Through Closed Doors. 7 Paraclausithyra. Theocritus, Ovid, Tibullus, Plautus, Horace, Catullus, Propertius. With Photographs of Italian Doors and accompanying Prints.
Allix, Susan.

[London:] Susan Allix, [2005\. One of twenty-one copies, this being number seven. Signed and numbered in pencil by the author on the colophon. Twenty-six photographs, of which sixteen are black and white and ten are in color. Twenty of the photographs are full-page. Among the photographs are a series of prints: seven etchings, one lino-cut, and one woodcut. There is also stencil, air brush, and crayon work and some titles are printed on gray Japanese or Zerkall papers. The photographs are printed, with the text, on Somerset pure cotton printmaking paper using archival inks; this combination of ink with uncoated paper ensures a long life for the images without fading. Signed by the author on preliminary blank: "For Denis / Warmest regards / Susan / 24th January 2007." Illustrated prospectus and biographical article about the author, entitled "God is in the detail," laid in. A fine copy in a gray cloth, felt-lined clamshell case with an illustrated spine label. Quarter black goatskin over Japanese wood veneer paper-covered boards. The wafer thin wood has been printed, stained gray, air-brushed in soft red and black and wax polished. Paper and reversed goat skin onlays in black, gray, magenta, and green. Black Ja Folio. 104 pp. (Item ID: 16630)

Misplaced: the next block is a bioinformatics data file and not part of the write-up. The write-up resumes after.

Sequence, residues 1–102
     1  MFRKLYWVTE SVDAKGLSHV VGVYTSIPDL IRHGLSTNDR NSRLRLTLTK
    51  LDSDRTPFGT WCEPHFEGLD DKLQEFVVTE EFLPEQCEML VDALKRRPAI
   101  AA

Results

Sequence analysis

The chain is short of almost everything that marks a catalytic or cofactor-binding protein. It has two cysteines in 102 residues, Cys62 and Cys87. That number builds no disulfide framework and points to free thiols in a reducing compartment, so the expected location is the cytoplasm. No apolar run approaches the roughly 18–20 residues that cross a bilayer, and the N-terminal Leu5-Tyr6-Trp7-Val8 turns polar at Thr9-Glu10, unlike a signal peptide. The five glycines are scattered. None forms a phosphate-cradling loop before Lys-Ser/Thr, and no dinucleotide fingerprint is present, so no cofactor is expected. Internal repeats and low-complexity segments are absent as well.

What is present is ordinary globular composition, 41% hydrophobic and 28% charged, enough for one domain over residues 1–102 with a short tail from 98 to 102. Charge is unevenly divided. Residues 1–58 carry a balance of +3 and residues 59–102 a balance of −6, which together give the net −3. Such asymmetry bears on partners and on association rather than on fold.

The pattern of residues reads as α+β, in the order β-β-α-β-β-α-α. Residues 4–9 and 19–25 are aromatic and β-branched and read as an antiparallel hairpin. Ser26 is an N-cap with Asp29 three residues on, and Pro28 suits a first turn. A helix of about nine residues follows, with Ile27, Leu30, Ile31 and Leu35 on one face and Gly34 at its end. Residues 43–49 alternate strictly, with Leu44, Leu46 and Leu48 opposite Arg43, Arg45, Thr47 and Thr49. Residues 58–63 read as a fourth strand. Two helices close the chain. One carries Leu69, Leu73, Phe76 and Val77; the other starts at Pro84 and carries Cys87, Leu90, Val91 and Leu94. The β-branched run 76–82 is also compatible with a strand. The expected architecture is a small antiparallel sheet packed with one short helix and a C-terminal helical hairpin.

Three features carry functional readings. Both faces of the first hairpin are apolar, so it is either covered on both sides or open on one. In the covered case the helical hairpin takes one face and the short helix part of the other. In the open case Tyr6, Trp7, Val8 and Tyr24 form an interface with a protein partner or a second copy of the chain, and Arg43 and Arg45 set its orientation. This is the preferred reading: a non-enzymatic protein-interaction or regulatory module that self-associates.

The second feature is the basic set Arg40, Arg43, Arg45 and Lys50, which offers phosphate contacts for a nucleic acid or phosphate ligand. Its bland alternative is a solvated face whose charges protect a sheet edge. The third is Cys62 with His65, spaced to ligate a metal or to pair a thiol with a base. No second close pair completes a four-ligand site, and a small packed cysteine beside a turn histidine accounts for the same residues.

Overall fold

$7,500.00

"This book combines Roman poetry with photographs of doorways from south Italy. Writing mostly during the 1st century BC-AD, the poet used a genre of Greek and Roman literature known as the Paraclausithyron: a poem spoken 'through closed doors' that takes the form of verses spoken by an excluded lover outside a door that forbids entry. Their themes include pleas for admission, attempts to persuade a girl to come out to them, and complaints at the door's cruelty. The doors speak too. Becoming personified, they tell stories of their owners and describe their own misfortunes and abuse [...] The first poem is by the Greek poet Theocritus and is set in Sicily. The more strident voices of Roman poets follow, with an extract from Plautus' comedy Curculio. Among the cast of lovers and their girls are found generals, a wine-biber, a dead husband, and the doors themselves, voicing their own opinions..." (from the prospectus). Winner of the Gregynog Letterpress Prize 2005.

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